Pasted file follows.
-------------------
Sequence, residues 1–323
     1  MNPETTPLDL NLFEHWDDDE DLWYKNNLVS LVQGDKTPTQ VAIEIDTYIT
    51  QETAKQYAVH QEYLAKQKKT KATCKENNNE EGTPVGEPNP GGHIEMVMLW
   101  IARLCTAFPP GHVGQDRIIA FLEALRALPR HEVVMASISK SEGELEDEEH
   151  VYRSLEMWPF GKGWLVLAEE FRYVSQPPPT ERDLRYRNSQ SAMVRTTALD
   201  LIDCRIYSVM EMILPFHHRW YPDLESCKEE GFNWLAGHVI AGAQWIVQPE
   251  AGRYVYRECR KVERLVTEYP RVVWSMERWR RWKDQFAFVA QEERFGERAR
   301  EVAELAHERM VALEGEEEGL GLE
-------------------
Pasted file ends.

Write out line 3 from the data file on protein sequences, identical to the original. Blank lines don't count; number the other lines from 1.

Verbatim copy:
    51  QETAKQYAVH QEYLAKQKKT KATCKENNNE EGTPVGEPNP GGHIEMVMLW